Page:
The Half Price Books store in which I work is a maze of books. (We sell music, too.) I often take different routes through the maze to arrive in the back room, or to walk to the register. In doing so, I also peruse a book here and there - not long enough to cause trouble, but just quick enough to perk my curious brain and potentially fill my bookshelves. Last week I escaped to our Reference section which includes books on reading and writing. I spied a forest green paperback decorated with an elegant fountain pen, the book titled, "Surviving a Writer's Life" by Suzanne Lipsett. Price: $4.98. (Less than $4.98 for me!) As I've been reading this week, I was surprised to learn it is not merely about Miss Lipsett's writing advice. A significant portion of the book tells of severe traumas she has literally survived including her mother's death and the author raped twice. She also tells fascinating tales of traveling the world and finding the first step of healing from a bath house in Istanbul. She fought with herself, her desire to give up on life and writing, and her confrontation of the knowledge that she must write.
Last night I fell asleep rubbing Johnny's back. I woke up disgruntled because I still had to floss, brush my teeth, and wash my face. I dragged myself out of bed, did so, then whispered to Johnny as he neared sleep, "Hey, I'm just going to read a few pages." He must tire of hearing that very sentence. I propped my cylinder-shaped, husk-filled, blue-silk Asian pillow under my head - my reading pillow. I discovered Miss Lipsett joined a women's fiction reading group in the 60's. One of Miss Lipsett's favorite books was "A Room of One's Own" by Virginia Woolf. Lipsett breathlessly printed a passage from "A Room of One's Own" in which Woolf wrote about Shakespeare's sister who died young, yet of course she would have been the greater poet because she was a woman. And Woolf said, "Now my belief is that this poet who never wrote a word and was buried at the crossroads still lives. She lives in you and in me, and in many other women who are not here tonight, for they are washing up the dishes and putting the children to bed."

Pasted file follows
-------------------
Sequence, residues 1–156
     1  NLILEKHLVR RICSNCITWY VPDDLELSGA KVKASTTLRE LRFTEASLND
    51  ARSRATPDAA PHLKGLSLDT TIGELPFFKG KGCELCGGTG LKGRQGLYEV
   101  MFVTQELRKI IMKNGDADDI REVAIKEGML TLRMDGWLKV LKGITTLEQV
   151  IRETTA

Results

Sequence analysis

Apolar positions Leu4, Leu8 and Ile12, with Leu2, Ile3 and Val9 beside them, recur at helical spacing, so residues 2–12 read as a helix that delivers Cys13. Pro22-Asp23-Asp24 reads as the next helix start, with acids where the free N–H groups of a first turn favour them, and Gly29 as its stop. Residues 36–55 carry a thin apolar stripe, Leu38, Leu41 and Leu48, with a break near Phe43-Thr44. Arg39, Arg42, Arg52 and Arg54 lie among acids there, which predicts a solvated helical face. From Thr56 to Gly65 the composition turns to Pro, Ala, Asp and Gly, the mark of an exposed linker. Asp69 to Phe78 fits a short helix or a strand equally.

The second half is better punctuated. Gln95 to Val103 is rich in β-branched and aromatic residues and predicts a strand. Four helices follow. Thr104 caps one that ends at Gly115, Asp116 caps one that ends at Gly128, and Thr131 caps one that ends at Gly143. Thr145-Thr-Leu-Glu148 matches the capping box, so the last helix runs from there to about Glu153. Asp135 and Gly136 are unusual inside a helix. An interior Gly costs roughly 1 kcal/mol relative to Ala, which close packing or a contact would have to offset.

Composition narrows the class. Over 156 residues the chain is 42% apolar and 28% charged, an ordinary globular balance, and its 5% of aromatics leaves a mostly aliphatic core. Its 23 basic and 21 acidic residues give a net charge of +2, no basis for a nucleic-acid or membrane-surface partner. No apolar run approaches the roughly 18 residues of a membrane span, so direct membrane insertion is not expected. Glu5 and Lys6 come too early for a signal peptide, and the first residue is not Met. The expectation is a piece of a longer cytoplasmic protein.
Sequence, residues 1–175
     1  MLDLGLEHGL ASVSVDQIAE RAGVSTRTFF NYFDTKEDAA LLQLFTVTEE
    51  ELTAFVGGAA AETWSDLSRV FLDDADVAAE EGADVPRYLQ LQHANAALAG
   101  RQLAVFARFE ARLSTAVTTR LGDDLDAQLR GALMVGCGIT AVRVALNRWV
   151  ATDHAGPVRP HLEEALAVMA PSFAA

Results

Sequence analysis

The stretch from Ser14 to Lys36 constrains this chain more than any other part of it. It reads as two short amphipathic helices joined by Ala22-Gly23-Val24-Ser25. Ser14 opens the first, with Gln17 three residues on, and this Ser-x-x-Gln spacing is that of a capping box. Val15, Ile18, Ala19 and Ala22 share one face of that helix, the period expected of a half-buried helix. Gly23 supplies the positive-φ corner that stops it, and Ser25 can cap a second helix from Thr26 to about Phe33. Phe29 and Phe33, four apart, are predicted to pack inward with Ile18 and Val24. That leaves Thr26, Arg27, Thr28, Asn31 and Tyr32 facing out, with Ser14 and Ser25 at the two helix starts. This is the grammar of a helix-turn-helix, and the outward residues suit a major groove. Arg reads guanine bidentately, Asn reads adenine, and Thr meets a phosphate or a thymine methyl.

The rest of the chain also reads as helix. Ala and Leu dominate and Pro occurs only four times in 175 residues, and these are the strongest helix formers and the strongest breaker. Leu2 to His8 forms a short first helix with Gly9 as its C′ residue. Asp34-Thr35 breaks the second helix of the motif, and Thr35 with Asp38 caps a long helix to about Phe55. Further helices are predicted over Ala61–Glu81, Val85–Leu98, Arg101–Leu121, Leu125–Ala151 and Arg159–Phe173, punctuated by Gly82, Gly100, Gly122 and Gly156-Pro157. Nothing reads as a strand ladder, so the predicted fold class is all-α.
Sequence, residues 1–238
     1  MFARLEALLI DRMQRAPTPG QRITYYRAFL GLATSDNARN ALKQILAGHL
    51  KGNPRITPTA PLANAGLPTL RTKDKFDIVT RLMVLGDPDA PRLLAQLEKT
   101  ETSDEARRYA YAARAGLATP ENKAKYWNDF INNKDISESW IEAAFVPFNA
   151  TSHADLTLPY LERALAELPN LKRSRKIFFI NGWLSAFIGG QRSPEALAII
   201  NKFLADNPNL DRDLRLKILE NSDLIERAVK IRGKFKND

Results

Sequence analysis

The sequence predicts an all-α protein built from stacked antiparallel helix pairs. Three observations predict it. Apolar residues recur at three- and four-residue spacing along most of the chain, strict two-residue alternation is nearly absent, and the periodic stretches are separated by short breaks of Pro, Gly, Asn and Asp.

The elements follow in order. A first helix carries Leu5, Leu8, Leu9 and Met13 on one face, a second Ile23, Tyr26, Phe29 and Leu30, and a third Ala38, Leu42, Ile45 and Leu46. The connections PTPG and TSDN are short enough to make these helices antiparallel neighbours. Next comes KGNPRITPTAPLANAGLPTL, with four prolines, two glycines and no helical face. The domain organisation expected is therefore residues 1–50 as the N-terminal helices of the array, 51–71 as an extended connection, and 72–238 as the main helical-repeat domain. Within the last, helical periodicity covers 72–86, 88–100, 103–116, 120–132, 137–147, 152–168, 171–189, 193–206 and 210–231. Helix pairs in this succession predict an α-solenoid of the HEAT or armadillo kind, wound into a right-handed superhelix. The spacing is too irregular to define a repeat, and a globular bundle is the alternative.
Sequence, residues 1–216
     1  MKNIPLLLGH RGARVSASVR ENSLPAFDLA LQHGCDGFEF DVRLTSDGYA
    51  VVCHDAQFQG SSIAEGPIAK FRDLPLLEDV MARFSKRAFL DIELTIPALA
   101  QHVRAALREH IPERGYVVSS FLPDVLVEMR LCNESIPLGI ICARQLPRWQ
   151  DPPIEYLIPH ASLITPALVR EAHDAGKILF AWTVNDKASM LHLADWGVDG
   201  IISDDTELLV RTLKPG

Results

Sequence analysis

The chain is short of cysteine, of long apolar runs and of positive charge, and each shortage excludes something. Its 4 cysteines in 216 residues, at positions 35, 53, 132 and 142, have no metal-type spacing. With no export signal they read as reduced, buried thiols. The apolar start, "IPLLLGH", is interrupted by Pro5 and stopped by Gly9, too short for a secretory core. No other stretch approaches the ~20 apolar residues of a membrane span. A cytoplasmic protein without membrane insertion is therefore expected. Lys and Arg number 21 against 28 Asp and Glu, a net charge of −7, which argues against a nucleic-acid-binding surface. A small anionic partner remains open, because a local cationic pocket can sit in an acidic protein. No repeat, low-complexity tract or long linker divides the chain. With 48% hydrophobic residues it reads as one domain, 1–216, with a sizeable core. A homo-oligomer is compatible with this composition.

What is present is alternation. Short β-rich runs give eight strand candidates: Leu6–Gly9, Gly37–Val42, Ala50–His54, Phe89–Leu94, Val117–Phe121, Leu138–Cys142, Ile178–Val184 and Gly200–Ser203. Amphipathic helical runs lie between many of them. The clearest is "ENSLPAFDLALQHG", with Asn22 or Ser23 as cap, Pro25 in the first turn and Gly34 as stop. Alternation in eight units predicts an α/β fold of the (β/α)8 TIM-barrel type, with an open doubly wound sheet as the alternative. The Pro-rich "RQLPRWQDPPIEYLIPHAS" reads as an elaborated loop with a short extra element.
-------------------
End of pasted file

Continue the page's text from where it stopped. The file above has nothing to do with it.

I will limit my comments until I have actually read "A Room of One's Own" in its entirety. Yet, it seems that Miss Woolf cast a negative light on those women cleaning dishes and putting their kids to bed. In rebellion today I happily cleaned off dishes and prayed for healthy children to bear from my womb, as I often pray. Is there something wrong with that? Can I not be a good wife and mother and also a good writer? Must I selfishly shut myself in a room of solitude day in and day out in order to write well? Sure, it might be easier that way but God doesn't call us to an easy life. I know without a doubt I am called to be a writer of some sort. A few pages before Lipsett printed this passage, she stated, "........if I failed to become a writer, my life would have been a waste." I know exactly, 100% what she means. My life will have been a waste, though, because I would have disobeyed my Lord God and wasted a talent He put within me to develop. He is also the designer of marriage, a blessing I know of firsthand. Johnny and I pray to have children one day. Yet I still plan to write. Will it be hard? Yes. Will I be distracted? Yes. I even asked Johnny, "Do you think we can do it?" He said, "Yes. Example: Calvin and Genevieve, go play, read, or write. Your mom needs to write for an hour/I need to practice drums." Will I have to sacrifice perhaps months or more when they are babies? I'm sure I will. I close with a quote from Suzanne M. Wolfe, wife of Gregory Wolfe, the editor of one of my favorite publications, "Image: Journal of the Arts and Religion." She recently published a book I MUST read titled "Unveiling." In an interview with Paraclete Press they asked her, "How long did it take you to write this novel?
Suzanne: I began writing it almost 10 years ago when my 3 oldest children were 8 and under. Caring for my children and teaching senior high school literature during the day necessitated my working at night when my kids were in bed and I had finished my assignments for school. Thus, I mostly wrote between midnight and 3 am, getting up at 7 am, teaching until 1 pm and then doing the mom thing until the cycle repeated itself!"
Hail to one of my new role models. I plan to be Johnny's wife and our kids' mom. I will read, write, and homeschool our kids along with Johnny. This life is meant to be lived for and through Jesus Christ, God the Father, and the Holy Spirit. Life is full and spilling over, replete with joy and suffering, hard work and rest. I'm not going to miss it all my shutting myself in a room. As life grows more complicated from a human perspective, I predict God will inspire many words.